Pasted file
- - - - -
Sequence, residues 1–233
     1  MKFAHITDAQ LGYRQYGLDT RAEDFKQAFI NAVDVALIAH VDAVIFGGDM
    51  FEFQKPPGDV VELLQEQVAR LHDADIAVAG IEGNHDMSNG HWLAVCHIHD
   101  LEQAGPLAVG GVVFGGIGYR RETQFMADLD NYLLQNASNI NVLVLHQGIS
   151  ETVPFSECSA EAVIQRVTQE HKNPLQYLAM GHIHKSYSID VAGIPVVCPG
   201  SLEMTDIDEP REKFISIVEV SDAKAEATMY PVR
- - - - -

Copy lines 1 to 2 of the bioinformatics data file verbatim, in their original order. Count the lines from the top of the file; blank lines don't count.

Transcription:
Sequence, residues 1–233
     1  MKFAHITDAQ LGYRQYGLDT RAEDFKQAFI NAVDVALIAH VDAVIFGGDM